April 17, 2003


Ford of Canada remembered for housing British kids in WWII

Windsor, Ontario – Peter Horlock was 13 years old in 1940 when his dad, a Ford employee in England, told him the company had arranged safe haven for him in Canada. As he embarked from Liverpool, Peter joined scores of Ford “war children” sent to escape the war’s perils in England.

On Wednesday, more than six decades later, Horlock reunited with other “war children” at the University of Windsor, where a brief ceremony marked the extraordinary event. Original documents and an oral history were presented to the University’s archives and to Ford of Canada.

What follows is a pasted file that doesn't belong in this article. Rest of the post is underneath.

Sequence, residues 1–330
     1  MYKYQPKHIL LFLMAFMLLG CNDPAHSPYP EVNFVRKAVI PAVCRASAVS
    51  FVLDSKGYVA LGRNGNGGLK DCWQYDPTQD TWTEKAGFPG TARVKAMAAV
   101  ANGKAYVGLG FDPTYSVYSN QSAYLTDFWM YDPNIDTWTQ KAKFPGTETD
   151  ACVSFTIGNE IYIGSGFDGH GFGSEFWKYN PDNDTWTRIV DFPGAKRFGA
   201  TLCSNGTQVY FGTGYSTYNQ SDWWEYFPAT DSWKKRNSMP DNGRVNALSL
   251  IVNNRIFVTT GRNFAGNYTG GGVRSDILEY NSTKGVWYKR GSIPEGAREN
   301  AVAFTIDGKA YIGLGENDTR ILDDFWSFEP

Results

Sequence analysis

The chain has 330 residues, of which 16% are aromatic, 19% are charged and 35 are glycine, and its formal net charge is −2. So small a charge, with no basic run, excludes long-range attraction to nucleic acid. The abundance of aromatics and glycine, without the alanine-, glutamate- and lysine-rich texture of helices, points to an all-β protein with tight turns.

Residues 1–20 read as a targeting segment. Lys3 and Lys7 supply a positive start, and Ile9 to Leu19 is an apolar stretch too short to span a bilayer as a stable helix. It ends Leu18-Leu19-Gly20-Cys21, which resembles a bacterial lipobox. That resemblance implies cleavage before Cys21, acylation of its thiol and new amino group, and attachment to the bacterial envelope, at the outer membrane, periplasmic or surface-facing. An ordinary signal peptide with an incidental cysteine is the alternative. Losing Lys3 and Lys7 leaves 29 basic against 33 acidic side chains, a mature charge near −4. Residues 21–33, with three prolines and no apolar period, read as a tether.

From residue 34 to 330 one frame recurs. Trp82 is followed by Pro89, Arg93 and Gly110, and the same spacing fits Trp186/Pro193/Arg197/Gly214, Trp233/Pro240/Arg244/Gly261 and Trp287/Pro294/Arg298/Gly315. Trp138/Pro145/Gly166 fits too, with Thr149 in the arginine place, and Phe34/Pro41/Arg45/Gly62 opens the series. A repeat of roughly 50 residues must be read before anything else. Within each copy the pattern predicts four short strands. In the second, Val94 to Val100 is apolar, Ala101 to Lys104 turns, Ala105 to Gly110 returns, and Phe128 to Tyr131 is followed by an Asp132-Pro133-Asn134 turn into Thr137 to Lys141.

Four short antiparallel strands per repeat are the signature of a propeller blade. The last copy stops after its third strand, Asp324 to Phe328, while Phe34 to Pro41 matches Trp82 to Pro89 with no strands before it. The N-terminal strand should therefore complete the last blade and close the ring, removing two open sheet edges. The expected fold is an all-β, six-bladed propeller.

Relocating 123 British children, most of Ford employees, to Windsor during World War II was the brainchild of Ford of Canada president Wallace Campbell. At one point, 23 visiting children were living in the Campbell household alone, while another 100 lived with Ford families and others in Windsor and surrounding communities.

University of Windsor Archivist Dr. Brian Owens said: “Sparing children from the brutality of war ranks very high on a scale of corporate humanitarianism. It is our intention to preserve this unique piece of Ford’s and Canada’s history for generations to come.”

The children brought to Canada ranged in age from four to 14. By the time most of the children returned to England, they were speaking with Canadian inflection instead of their original British accents. The children excelled in Windsor schools, learned to skate in winter, reveled in Canadian comic strips and worried they would not be able to pick out their real parents from the crowds awaiting them when they returned to England, reported the Windsor Star’s Tom Brophey at the time.

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